I found the conversation between National Geographic magazine senior photo editor Elizabeth Krist and Kathryn Keane, National Geographic’s vice president of exhibitions interesting and wanted to share it with you, especially about how the final images are selected for publication.
The movie above shows some the images selected and we hear from the photographers themselves.
"One of my questions for Elizabeth would be about the editing process. In any given assignment you can get thousands and thousands and thousands of photographs, and only a few appear or are selected to illustrate a story. I don’t think people understand how difficult that is. How does that work?" asks Kathryn Keane, during a conversation recorded on October 4, 2013.
Elizabeth Krist answers, "By the time we actually start looking at pictures, we’re so immersed in the story that we have a deep understanding of the research and the themes that we have to convey to the readers. So that by the time I start looking at all the images—you know, just flashing across my computer screen—my brain is going to a much more subliminal level.
"I’m just looking for the perfect convergence of light and composition more than anything, because I trust that the photographer has already honed the subjects by what she’s shot. And then I just go through and pull whatever speaks to me at a really deep, visceral level. Then I go through on a second round and get that down more by the actual content and the storytelling and what is really required to construct a visual narrative for a reader who might not know anything about the story.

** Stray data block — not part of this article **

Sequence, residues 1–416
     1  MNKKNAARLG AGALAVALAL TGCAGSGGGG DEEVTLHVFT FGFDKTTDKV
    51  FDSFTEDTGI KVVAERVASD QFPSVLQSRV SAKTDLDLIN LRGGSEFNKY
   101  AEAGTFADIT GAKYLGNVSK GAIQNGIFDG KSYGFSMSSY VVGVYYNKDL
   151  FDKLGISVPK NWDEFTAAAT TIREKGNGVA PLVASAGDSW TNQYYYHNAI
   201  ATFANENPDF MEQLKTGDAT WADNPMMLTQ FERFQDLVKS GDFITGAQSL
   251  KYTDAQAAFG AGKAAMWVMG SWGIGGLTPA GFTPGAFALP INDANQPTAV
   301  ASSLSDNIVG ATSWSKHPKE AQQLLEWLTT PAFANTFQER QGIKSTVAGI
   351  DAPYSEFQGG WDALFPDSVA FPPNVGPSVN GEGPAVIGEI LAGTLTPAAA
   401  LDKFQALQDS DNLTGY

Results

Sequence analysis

"So for every picture, I’m looking for a convergence of information, some sort of revelation, something I didn’t know. The other element that the picture has to hit is some kind of visual impact—something that’s so striking, whether it is the light or the composition—something that’s really graphic that just hits me so hard at a gut level that it jumps out."
I think that sums it up very well indeed because it is the way we photographers should be thinking; the light, the composition, impact and of course the story we're telling.
Women of Vision is a landmark project, part of National Geographic's 125 year celebrations.